That Ed Miliband is an impressive and accessible orator with a human touch is a much-voiced argument. I buy that. But what enthuses me about his campaign for the Labour leadership is that his language is more than just eloquent; it reveals an independent mind, a willingness to challenge orthodoxy, and above all a consummately social-democratic philosophy, free of the triangulating tendencies of the previous generation of party leaders.
Perhaps this is a product of Ed's spell as energy and climate change secretary, a portfolio predicated on the use of state intervention to tame and harness the chaotic effects of globalisation. It is to his credit that he flourished in a role defined by such a peculiar mixture of the generationally long-term and the precipitously immediate.
The Climate Change Bill, in particular, represented a triumph of his ambitious, responsive dirigisme. It lifted the target for 2050 emissions cuts from 60 per cent to 80 per cent and heeded calls to curb aviation and shipping emissions. The director of Friends of the Earth admitted that "the government has listened", and the lead scientist at Greenpeace claimed: "In a decade in power, Labour has never adopted a target so ambitious, far-reaching and internationally significant as this."
Moreover, at the Copenhagen summit last year, Ed was widely praised for his role in rallying international governments around an amendment that, according to the environmentalist Franny Armstrong, "prevented the talks from collapsing". As climate secretary, he also introduced a more interventionist approach to cutting domestic energy use: obliging energy companies to meet 60 per cent of insulation costs, offering loans for energy-saving technologies and introducing grants for small-scale energy generation.
Ed is putting this commitment to the active state at the heart of his leadership campaign, offering a break from that desiccated managerialism whose stated raison d'être was (in the words of Alan Milburn) to help people "earn and own". It is a break that can be found in his call to "take on the power of the markets", in his communitarian support for a national network of Post Banks, and in his willingness, rare among former ministers, to talk not just about equality of opportunity, but about equality of outcome.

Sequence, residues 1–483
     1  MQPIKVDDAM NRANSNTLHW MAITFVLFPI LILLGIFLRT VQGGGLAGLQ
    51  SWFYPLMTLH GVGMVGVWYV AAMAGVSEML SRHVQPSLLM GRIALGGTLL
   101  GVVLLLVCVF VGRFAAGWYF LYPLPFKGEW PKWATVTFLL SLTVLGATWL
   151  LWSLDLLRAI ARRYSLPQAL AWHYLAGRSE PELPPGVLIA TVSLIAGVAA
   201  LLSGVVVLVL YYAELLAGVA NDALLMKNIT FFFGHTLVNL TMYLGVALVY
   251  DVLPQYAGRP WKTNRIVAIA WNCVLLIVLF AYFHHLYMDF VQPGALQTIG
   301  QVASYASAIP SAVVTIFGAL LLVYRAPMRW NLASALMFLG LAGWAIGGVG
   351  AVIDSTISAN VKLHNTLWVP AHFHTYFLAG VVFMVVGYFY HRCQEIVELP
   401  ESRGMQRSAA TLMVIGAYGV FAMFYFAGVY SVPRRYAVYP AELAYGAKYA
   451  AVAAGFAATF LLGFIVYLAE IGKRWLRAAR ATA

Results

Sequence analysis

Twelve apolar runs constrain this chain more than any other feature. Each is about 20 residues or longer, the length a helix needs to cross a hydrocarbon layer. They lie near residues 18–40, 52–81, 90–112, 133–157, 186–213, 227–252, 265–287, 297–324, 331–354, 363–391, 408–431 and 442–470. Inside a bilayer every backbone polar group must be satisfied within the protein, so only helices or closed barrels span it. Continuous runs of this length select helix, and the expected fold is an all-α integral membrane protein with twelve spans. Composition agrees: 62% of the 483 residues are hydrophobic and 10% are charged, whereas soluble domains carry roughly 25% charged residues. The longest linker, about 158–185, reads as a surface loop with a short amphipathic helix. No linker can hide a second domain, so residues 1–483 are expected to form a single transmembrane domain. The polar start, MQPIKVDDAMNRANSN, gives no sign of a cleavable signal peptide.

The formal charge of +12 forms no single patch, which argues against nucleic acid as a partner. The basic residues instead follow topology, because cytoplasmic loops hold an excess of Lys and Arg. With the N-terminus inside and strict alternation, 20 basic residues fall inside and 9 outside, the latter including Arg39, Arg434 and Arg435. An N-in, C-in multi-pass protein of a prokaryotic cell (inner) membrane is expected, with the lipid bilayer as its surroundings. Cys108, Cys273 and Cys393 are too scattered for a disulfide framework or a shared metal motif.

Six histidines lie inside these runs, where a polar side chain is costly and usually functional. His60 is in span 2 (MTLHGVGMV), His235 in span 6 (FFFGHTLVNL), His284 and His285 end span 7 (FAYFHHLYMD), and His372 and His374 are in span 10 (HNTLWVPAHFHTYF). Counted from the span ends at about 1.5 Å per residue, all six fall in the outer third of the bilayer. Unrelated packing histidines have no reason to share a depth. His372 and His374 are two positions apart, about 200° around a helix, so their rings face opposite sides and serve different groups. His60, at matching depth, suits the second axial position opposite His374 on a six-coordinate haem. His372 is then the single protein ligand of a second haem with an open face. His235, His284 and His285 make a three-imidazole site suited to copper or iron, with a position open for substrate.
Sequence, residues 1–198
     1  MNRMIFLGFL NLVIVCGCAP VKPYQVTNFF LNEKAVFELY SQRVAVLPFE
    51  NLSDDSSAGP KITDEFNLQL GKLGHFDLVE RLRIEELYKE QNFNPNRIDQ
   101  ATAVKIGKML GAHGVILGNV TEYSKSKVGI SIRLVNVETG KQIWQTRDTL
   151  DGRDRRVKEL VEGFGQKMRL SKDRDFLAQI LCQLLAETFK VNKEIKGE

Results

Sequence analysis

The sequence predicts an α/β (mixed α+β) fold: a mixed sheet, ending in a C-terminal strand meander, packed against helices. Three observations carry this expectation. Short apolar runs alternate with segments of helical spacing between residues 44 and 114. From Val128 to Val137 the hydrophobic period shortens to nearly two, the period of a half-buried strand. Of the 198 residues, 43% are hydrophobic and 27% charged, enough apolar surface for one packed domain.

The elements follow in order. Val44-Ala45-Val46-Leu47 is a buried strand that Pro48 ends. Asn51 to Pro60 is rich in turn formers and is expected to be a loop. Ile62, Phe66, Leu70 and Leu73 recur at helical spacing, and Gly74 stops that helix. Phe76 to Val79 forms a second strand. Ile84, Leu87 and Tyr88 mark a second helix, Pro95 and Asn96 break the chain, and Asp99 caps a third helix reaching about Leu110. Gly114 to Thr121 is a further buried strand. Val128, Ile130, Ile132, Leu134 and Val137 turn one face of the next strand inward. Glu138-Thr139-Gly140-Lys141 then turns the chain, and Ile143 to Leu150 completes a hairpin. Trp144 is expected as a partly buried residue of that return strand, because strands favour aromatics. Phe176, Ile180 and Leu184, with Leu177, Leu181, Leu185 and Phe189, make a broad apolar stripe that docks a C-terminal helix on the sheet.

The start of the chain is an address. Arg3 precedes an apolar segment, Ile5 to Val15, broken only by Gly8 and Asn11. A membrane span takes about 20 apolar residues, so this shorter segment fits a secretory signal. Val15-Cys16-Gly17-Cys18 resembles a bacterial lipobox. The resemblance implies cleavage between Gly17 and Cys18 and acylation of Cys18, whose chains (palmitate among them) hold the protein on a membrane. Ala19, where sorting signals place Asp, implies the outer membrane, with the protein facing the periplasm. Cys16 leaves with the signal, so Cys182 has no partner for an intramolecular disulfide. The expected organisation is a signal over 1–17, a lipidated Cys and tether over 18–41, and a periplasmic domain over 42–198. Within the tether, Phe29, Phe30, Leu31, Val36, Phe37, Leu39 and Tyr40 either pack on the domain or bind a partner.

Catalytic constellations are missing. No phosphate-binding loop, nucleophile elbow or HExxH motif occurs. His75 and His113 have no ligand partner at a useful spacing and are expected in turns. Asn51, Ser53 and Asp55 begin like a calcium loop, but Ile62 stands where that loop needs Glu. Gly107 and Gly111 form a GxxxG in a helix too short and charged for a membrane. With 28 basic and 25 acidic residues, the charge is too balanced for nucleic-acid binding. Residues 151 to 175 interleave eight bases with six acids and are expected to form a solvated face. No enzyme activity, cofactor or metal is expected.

"The connection between our sense and the people's sense of fairness frayed and we need to acknowledge that," he has said. "It frayed over excesses at the top. And it frayed over the people at the other end of society as well."
On Friday, he will launch a campaign for a National Living Wage. This is an encouraging sign of things to come. Imagine it on the 2015 pledge card: three words telling a powerful story about Labour's vision for the good society.
But beyond the policy's social merits, a debate on the living wage could also give the party the chance to discuss issues that in the past have been swept under the carpet: the distribution of wealth, the work-life balance, the impact of globalisation on wages, housing and public services. Ed is going the right way about putting these back on the agenda.
So, solely to foreground the younger Miliband's personal skills, his rhetorical style and ability to "talk human" does the man a disservice. Both as a cabinet member and now as a leadership candidate, he has been distinguished by what he says, more than how he says it.
Where others use "aspiration" as an empty buzzword, he explains that it must mean more than prosperity. Where others talk about "making work pay", he adds that work must also be dignified. Where others discuss "fairness" in the abstract, he talks about the need to address the gap between rich and poor. As such, I believe that he would make an excellent leader of the Labour Party.
Jeremy Cliffe is a a convenor for Compass and a student at Oxford University.